• In order to drive a common culture, to provide a shortcut language and speed decisions, common models are used throughout. When a leader learns a conflict mode model or a change model, they can use this language anywhere in the organization and they are clearly understood.
  • With all of these programs and topics, how do we create a single, unified curriculum? One tool we use is “red threads.” These are common themes that are repeated throughout the curriculum. On the screen are examples of red threads…though your red threads may be completely different.
  • Guiding Principles of Leadership Development

    1. 1. Guiding Principles of LeadershipDevelopmentTony Loydtloyd@cultureshift.com
    2. 2. The Challenge• The market rewards sustainable, profitable growth.• Sustainable, profitable growth leads to lower cost of capital, more investments from the public and shareholder value• For most companies, the leadership pipeline is a critical input to their growth strategy• Leadership development prepares a pipeline of ready- now successors.
    3. 3. Benefits of Leadership DevelopmentA few benefits of a robust leadership development program:• Supports corporate growth initiatives• Fills the leadership pipeline• Provides career development opportunities• Increases employee engagement and retention• Attracts new talent• Creates an aligned, executing leadership team
    4. 4. Four Quadrants of Leadership Providing DirectionSelf-Awareness Decision MakingChange Agility MotivationResilience Coaching / FeedbackEmotional Intelligence Difficult ConversationsLeadership Presence Situational LeadershipInfluence Developing Others Leading Self Leading OthersQuality Operations StrategyCustomer Focus Business ModelsSales / Profits AlignmentOperating Mechanisms InnovationMarketing Conflict ManagementCommunity Partnership CollaborationBusiness Acumen CultureSafety / Compliance Leading the Leading Across Values Business the Enterprise 4 Leaders need more than technical / functional skills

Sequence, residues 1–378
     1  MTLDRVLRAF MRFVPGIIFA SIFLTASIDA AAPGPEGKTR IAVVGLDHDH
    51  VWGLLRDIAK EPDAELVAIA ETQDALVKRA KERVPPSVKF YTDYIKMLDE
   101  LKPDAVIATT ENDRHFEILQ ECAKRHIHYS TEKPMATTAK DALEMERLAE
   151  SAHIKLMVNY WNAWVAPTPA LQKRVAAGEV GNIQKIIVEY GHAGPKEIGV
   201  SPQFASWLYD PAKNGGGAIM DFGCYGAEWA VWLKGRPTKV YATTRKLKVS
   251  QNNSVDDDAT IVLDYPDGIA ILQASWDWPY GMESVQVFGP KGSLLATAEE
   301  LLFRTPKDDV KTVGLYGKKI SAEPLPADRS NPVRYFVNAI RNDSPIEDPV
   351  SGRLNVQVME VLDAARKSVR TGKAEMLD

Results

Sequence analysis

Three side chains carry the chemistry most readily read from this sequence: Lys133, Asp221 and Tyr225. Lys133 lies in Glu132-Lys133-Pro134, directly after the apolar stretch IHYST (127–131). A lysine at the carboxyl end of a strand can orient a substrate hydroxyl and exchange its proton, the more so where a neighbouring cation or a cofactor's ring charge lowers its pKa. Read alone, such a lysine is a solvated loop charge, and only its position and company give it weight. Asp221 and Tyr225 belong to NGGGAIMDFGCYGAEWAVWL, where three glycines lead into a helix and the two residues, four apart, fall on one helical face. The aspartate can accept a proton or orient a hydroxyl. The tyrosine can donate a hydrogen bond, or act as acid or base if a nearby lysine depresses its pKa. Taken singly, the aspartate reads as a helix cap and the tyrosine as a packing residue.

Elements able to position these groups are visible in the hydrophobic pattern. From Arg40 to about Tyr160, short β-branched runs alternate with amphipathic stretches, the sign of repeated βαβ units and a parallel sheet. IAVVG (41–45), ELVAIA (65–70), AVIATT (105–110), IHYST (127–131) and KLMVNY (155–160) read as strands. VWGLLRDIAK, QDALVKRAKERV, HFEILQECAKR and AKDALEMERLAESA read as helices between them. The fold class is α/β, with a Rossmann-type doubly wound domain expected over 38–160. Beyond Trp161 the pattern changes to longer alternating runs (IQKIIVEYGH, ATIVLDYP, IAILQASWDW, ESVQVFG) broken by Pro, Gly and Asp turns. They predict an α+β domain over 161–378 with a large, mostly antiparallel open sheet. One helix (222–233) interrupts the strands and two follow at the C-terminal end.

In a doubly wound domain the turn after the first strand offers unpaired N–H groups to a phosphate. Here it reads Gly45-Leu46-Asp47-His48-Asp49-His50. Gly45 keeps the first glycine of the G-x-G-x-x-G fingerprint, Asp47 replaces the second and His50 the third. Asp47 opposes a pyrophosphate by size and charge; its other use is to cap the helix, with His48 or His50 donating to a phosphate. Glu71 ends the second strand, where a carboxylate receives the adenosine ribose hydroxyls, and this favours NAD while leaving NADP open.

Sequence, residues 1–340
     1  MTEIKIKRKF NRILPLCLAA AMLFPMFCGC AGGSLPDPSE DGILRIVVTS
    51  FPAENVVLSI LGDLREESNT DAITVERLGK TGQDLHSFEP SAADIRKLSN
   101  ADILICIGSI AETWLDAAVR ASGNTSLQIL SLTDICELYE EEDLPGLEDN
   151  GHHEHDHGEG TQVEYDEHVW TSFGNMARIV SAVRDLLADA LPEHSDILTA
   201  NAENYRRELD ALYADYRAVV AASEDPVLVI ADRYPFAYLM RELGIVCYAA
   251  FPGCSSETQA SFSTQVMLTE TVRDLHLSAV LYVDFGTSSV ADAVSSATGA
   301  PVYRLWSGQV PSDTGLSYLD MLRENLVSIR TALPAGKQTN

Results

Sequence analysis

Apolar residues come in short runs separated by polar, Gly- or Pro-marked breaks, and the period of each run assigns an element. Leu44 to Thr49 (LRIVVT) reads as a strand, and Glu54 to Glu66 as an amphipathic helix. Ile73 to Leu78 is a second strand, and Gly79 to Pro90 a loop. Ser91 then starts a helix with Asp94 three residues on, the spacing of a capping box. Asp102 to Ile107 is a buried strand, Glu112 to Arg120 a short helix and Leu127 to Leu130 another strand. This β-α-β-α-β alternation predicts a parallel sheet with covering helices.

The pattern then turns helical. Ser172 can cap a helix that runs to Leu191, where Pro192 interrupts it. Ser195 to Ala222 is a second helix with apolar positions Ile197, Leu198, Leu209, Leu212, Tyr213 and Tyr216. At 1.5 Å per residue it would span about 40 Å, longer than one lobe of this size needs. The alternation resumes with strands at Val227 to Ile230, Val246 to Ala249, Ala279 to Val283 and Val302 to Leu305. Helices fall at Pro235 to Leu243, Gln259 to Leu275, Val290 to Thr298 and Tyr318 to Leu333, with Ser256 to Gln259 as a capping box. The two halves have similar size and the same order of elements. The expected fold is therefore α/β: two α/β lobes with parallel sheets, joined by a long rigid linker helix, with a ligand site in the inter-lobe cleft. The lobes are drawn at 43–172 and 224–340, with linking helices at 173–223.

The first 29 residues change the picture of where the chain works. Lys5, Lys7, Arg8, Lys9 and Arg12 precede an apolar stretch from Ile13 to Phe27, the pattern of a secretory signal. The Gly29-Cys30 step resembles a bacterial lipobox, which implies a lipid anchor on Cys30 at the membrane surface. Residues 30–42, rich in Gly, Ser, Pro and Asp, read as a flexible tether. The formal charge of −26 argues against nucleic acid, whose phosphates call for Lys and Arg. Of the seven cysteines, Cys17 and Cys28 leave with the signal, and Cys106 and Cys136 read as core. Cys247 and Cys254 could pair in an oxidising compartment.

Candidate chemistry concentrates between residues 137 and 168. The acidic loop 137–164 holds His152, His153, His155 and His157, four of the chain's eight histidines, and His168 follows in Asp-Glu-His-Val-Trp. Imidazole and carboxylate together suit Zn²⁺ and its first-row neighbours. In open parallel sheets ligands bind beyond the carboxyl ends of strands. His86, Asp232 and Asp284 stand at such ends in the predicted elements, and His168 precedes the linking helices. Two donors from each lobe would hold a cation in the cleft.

5. 5. Leaders Develop Leaders Executive Leaders (Sr. Leaders / Executives) Mighty Leader-led Middle Development (Leaders) Early Leader-led Leaders Development (Managers) 5 Alumni from advanced programs co-facilitate lower-level programs
    6. 6. 70 / 20 / 10 – Adult Learning 10 % Formal 70 % Work Experience Training20 % Feedback & Observation Michael M. Lombardo and Robert W. Eichinger of the Center for Creative Leadership 6 Formal training comprises 10% of what is learned by a leader
    7. 7. Learning Cycle Define my Sense of Self – Personal & Professional Aspirations Feedback, Implement Self- your Assessment, Development Reflection – Plan Notice the Create a Support System Gap Manager, Peers, Coach, Mentor, Friends Prioritize Create a Development Development – Build on Plan Aligned Strengths, to 70 / 20 / 10 Prioritize One Gap 7Learning begins with a recognized gap and is completed with support from a network
    8. 8. World-Class Leadership Development •360 Degree Feedback •Executive coach •Cultural Profile •Peer coaching •Emotional Intelligence •Mentor relationships •Leadership Competencies •Career Development Plan Assessment Coaching & & Feedback Mentoring Work & Training & •Stretch assignments Experience Education •Blended Learning •Action learning •Common models •Real work •Shared meaning •Alignment of expectations •Leader-led70 / 20 / 10 Model + Learning Cycle = World Class Leadership Development
    9. 9. Common Models 9 Common Models = Alignment and Agility
    10. 10. Common Themes – Red Threads Working in a Find Your Match Your Seek First to Matrix is Unique Leadership Understand, Complex, and Lead with Leadership Style with the and then to be it’s how we Heart Voice Situation Understood Grow the Business 10Red Threads, or Common Themes, create a unifying structure across the curriculum